The Polish president calls on NATO to urgently increase its spending

“If Russia is stopped in Ukraine, it will not attack again”: Polish President

Polish President Andrzej Duda said on Monday that NATO urgently needs to increase its defense spending to ensure it does not become the next target of a Russian attack.

Speaking to CNBC, Duda cited unspecified German research suggesting that Russian President Vladimir Putin is doubling down on his transition to a war economy to attack NATO in 2026 or 2027.

“The alarm bells are ringing,” he told Steve Sedgwick, according to a translation.

Duda said it was therefore more important than ever to increase the alliance’s military spending to 3%, calling his increased target “common sense.”

—Karen Gilchrist

Since he no longer has any money, the Pentagon chief is trying to convince his allies to commit to Ukraine

U.S. Defense Secretary Lloyd Austin will try to convince European allies on Tuesday that President Joe Biden’s administration remains committed to supporting Ukraine, even as Washington has virtually run out of money to continue arming Kiev, and it There is little sign that Congress will take steps to increase funding.

U.S. Secretary of Defense Lloyd Austin attends a welcoming ceremony for Latvia’s Defense Minister Andris Spruds at the Pentagon in Washington, DC on March 14, 2024.

Almond Ngan | AFP | Getty Images

Republican House Speaker Mike Johnson has so far refused to vote on a bill that would provide $60 billion more to Ukraine, and the White House is scrambling to find ways to send aid to Kiev, with the Russian armed forces for more than two years.

Austin will chair the monthly meeting of the so-called Ukraine Defense Contact Group (UDCG), held at Ramstein Air Base in Germany and attended by about 50 allies who have provided military support to Ukraine.

The Pentagon said Austin, making his first trip abroad since undergoing prostate cancer treatment, would reiterate Washington’s commitment to Ukraine. But officials say the lack of available funding is already having an impact on the ground in Ukraine and Ukrainian forces are having to deal with scarce resources.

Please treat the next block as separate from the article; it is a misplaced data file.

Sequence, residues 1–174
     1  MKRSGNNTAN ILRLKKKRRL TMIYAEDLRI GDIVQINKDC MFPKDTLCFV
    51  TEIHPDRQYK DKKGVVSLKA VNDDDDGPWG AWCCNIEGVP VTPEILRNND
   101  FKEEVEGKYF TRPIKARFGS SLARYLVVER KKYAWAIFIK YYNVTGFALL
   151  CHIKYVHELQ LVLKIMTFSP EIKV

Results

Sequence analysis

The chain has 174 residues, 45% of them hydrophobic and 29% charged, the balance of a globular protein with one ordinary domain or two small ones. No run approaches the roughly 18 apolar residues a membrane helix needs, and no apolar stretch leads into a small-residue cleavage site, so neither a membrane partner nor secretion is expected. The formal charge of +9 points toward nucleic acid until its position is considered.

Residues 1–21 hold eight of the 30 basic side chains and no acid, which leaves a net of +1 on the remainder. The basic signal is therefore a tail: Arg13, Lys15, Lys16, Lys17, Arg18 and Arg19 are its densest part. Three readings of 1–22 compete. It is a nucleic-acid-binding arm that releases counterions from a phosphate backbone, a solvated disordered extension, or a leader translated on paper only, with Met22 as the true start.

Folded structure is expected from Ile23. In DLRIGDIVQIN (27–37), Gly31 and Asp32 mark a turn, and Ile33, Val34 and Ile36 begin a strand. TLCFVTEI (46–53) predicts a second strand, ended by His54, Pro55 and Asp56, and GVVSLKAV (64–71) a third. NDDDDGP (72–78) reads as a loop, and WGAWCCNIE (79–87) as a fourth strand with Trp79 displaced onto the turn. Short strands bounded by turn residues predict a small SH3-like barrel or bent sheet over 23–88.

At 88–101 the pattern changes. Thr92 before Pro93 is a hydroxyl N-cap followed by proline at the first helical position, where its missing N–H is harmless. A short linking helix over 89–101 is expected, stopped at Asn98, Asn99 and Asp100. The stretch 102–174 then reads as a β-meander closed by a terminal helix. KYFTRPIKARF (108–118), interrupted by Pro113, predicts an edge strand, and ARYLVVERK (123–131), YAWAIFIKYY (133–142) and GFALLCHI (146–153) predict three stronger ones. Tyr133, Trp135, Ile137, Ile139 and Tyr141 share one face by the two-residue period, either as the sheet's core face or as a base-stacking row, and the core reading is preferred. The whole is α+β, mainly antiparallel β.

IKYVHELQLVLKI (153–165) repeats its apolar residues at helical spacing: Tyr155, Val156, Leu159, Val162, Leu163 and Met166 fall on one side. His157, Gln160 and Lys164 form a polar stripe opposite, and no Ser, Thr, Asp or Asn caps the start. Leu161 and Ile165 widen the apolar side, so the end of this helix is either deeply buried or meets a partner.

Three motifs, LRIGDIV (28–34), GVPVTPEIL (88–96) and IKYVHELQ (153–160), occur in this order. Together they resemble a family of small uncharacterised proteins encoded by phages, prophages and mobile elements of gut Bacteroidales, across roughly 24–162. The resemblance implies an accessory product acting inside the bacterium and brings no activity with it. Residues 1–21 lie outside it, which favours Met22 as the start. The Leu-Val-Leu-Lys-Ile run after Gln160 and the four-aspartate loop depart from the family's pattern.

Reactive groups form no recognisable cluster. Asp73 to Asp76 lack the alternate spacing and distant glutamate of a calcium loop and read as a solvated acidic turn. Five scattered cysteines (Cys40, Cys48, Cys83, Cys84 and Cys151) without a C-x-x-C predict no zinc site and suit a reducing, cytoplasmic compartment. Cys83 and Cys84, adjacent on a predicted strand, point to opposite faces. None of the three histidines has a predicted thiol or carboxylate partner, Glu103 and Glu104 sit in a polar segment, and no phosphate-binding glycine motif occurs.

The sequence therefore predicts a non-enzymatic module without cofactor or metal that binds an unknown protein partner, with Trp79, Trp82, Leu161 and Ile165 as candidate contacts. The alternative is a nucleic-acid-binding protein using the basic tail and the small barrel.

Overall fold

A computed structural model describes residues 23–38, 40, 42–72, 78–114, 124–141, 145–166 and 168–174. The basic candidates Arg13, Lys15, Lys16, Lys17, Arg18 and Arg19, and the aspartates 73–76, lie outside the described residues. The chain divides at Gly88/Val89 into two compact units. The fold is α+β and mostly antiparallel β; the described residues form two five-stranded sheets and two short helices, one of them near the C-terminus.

Last week, the Biden administration said it would send $300 million in military aid to Ukraine, but added that it was an extraordinary step after unexpected savings from Pentagon military contracts.

Officials have not ruled out the possibility of finding additional savings, but say that amount would not be enough to make up for the lack of action from Congress. Experts believe Austin will find a skeptical audience in Europe.

—Reuters

Putin takes part in rally in Moscow after election victory

People take part in a rally and concert to celebrate the 10th anniversary of Russia’s annexation of Crimea in Moscow’s Red Square on March 18, 2024.

Natalia Kolesnikova | Afp | Getty Images

Russian President Vladimir Putin briefly attended an outdoor rally in Moscow on Monday evening, where he told the crowd that the annexation of Crimea and other regions of Ukraine was difficult but worthwhile.

The rally and concert in Red Square marked the 10th anniversary of Russia’s annexation of Crimea from Ukraine. The annexation was a precursor to a simmering conflict between pro-Russian separatists and Ukraine’s armed forces in eastern Ukraine since 2014 and Russia’s full-scale invasion of Ukraine in 2022.

Since then, Russia has also illegally annexed four other partially occupied regions in Ukraine to “Russify” the regions and hold votes there ahead of last weekend’s three-day Russian presidential election, which Putin won. Ukraine condemned the votes held on its territory, calling them illegal.

Putin told a large, flag-waving crowd that the “return” of these other regions to Russia had proven “much more serious and tragic” than that of Crimea, but said it had been accomplished, as Reuters noted.

Putin also told the crowd that rail links from Rostov in southern Russia to Russian-occupied cities in eastern and southern Ukraine had been restored and would soon also provide a direct connection to Sevastopol in Crimea.

“Just this morning I was informed that the railway from Rostov through Donetsk to Mariupol and Berdyansk has been restored. We will continue this work. Soon trains will go directly to Sevastopol. And this will be another alternative road to the Crimean Bridge,” he said in comments translated by Reuters.

– Holly Ellyatt

Why Germany hesitates to send “Taurus” missiles to Ukraine

Chancellor Olaf Scholz gives a speech during the GermanDream Awards 2023 in Berlin, Germany, November 30, 2023.

Lisi Niesner | Reuters

The debate over military aid to Ukraine is deepening fissures in the German government – but despite “extremely unusual” public disagreements, Chancellor Olaf Scholz is expected to prevail.